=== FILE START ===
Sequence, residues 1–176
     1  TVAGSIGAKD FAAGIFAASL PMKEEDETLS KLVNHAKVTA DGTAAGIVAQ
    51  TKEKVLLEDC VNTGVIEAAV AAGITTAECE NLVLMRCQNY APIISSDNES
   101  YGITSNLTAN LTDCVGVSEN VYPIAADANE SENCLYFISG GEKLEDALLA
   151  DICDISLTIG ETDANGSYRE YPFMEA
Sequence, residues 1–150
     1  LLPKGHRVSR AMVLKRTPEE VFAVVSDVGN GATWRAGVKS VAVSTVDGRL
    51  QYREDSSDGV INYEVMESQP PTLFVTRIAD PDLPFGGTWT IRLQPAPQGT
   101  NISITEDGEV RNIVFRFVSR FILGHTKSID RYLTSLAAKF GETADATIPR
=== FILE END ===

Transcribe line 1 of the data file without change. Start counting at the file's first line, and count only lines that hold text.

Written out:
Sequence, residues 1–176